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Time Management

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In this time management section, you’ll access time management templates, uncover the "planning fallacy," convert distractors into motivators, and more.

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Tips from Our Learning Specialists

  • Build a single system/calendar to contain all of your commitments (can be digital/paper/whiteboard).
  • Break down projects and assignments into pieces, and spread out the pieces over a number of days.
  • Get into a habit of identifying an achievable list of tasks for each day.
  • Create a space conducive to flow (pinpoint the conditions you need to focus and create or go to this environment).
  • Make peace with the reality that some days will be very productive and some will not. 
  • Consolidate your syllabi. At the beginning of each quarter, consolidate all of your coursework due dates into one calendar so that you can view them on the same timeline. 
  • Commit to a daily routine. Whether it is waking up, going to sleep, or eating meals at the same time everyday, committing to a daily routine will help make each day predictable which is optimal for understanding when your productive times will occur.
  • Say no to avoid overbooking your schedule. 
  • Block off reward time and free time on your calendar, not just to-dos, in order to stay refreshed and motivated. 
  • Identify distractions and use them as rewards when you’re done.


Time Management Grids

Sites and Apps


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Additional Resources at Stanford

  • Sign up for a drop-in session with us! With a Learning Lab Learning Specialist, you can talk about these strategies in more depth, personalize the approaches to suit your needs, and be supported as you practice.
  • Academic Skills Coaching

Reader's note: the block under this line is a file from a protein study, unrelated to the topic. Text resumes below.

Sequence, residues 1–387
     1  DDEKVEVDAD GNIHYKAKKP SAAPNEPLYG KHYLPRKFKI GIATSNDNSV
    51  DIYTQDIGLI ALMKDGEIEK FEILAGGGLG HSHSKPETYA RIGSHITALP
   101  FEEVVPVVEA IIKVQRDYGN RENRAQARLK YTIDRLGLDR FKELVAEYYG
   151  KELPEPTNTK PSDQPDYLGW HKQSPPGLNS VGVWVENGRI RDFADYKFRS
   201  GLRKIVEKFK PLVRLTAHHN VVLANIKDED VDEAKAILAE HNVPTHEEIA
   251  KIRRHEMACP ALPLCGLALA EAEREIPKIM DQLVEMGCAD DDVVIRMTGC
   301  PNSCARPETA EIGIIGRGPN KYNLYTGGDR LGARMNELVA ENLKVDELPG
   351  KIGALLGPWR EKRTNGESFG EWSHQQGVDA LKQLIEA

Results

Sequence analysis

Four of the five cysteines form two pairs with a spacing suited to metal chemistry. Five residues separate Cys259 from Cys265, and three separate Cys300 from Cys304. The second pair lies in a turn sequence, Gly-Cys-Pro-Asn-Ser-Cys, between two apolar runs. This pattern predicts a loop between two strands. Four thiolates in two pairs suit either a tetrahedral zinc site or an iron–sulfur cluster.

• Kruger, J., & Evans, M. (2004). If you don’t want to be late, enumerate: Unpacking reduces the planning fallacy. Journal of Experimental Social Psychology, 40(5), 586-598. Read the article here. 
    • We should break down large assignments into their subcomponents. Research shows that people provide better estimates of how long large tasks take when they break them down into smaller tasks. The “planning fallacy” can be avoided and time management improved when we include these “smaller” assignments into our calendars.
  • Jackson, V. (2009). Time management: a realistic approach. Journal of the American College of Radiology, Volume 6, Issue 6, 434 - 436. Read the article here.  
    • Procrastination and perfectionism are the two major impediments to time management. There are 5 keys to successful time management. 1) set realistic goals that are achievable within the allotted time that you have 2) organize both your time and your stuff to achieve an easy system to follow 3) Consider delegating tasks when possible and use the team and resources around you 4) Prioritize relaxation and value work-life balance 5) Stop feeling guilty when you don’t accomplish a task because this guilt is often unreasonable, unjustified, and adds stress to your life.
  • Adams, R., & Blair, E. (2019). Impact of time management behaviors on undergraduate engineering students’ performance. SAGE Open. Read the article here. 
    • A Time Management Behavior Scale is used by undergraduate engineering students to self-report how they balance their commitments. The study shows that the aspect of time management correlated with grade point average is perceived control of time, indicating that students’ relationship and agency when it comes to time management is paramount. Procrastination or lack of time management practices are a couple of factors that could inhibit success; however, there are many factors at play. Fortunately, time management skills can be built and strengthened through practice. Academic staff note the importance of time management by stating they believe it is the most important nonacademic factor for students.